- Increases Balance and Spatial Awareness: The coordination required with dancing, from partner to solo dancing, promotes much-needed agility while honing important balance skills. Especially beneficial to older adults, preventing debilitating falls is the key to longevity and retaining mobility. While this might include home upgrades like installing suction grab bars in the shower or railings by staircases, turns out exercise that strengthens an older adult’s agility and spatial awareness is just as helpful!
- Boosts Self-Confidence: One of the best things about dance as a fitness activity is that it also serves as a form of art. Grace, rhythm, movement, breath, telling a story . . . all of these aspects to dance make it a way for someone to grow their confidence and self-esteem. The added bonus of feeling healthier, more coordinated, more socially engaged, and potentially even losing weight and toning muscles adds that confidence boost many people need to stay motivated to keep working at it.
- Enhances Flexibility: The warm-up, stretching, twisting, reaching, and so forth of dancing helps to lubricate and loosen joints as well as lengthen and strengthen muscles. Tight, stiff muscles and joints contribute to inflammation, aches and pains that accompany everything from aging to injury recovery. Boosting the muscle’s pliability with flexible body positions and routine exercise dancing may help prevent injury and optimize coordination. People with neuro muscular difficulties stemming from diseases like autism have been shown to improve their coordination, like was seen in this small 2013 study out of Greece.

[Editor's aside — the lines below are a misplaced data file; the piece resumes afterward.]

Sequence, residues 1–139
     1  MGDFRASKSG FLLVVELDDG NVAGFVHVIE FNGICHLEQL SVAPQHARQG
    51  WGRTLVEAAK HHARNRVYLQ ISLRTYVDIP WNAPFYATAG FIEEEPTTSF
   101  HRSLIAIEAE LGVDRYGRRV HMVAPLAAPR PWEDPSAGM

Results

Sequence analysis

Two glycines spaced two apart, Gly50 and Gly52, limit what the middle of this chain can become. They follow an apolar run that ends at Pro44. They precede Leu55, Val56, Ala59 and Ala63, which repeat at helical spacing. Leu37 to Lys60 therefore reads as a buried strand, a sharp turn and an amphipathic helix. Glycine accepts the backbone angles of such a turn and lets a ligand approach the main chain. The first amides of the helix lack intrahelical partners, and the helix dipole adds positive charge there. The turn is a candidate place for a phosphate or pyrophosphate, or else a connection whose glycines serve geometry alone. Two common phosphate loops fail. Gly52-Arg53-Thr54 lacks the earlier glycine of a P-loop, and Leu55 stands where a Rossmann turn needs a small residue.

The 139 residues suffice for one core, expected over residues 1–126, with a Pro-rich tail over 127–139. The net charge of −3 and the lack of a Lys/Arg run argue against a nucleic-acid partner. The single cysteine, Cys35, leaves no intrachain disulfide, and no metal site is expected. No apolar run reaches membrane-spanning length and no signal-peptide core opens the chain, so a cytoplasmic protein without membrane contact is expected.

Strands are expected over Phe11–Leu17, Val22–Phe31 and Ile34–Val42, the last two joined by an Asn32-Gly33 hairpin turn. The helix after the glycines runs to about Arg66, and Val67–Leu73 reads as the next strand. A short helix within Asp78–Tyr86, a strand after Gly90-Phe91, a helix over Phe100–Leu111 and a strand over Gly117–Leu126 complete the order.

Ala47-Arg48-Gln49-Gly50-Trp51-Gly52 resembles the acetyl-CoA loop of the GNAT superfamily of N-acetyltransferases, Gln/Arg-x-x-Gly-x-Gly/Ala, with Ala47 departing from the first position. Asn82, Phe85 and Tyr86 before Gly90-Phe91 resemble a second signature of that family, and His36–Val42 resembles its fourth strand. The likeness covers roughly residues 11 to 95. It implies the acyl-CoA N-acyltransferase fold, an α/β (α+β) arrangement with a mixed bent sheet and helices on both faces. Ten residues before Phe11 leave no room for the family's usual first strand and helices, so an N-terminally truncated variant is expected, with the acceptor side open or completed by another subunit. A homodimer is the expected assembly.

- Alleviates Stress: Dancing is one of those activities that is considered a double pleasure presenter for the brain because it involves both physical movement and listening to music. The Journal of Applied Gerontology found that partner dancing to music helps alleviate stress and boost serotonin levels. Not only can you leave your worries behind by focusing on leading or following your partner, but music as therapy and exercise as a mood booster helps to imbue a positive mindset and reduce feelings of stress and anxiety.
Similar to low-impact exercises like yoga or tai chi, dancing can be modified for different age groups, mobility levels, and health conditions. Look for opportunities to dance by searching local gyms and dance studios for classes that fit your interests and schedule. Or consider joining a dance-enthusiasts Meetup group that holds gatherings and events which afford you the opportunity to get your jig on.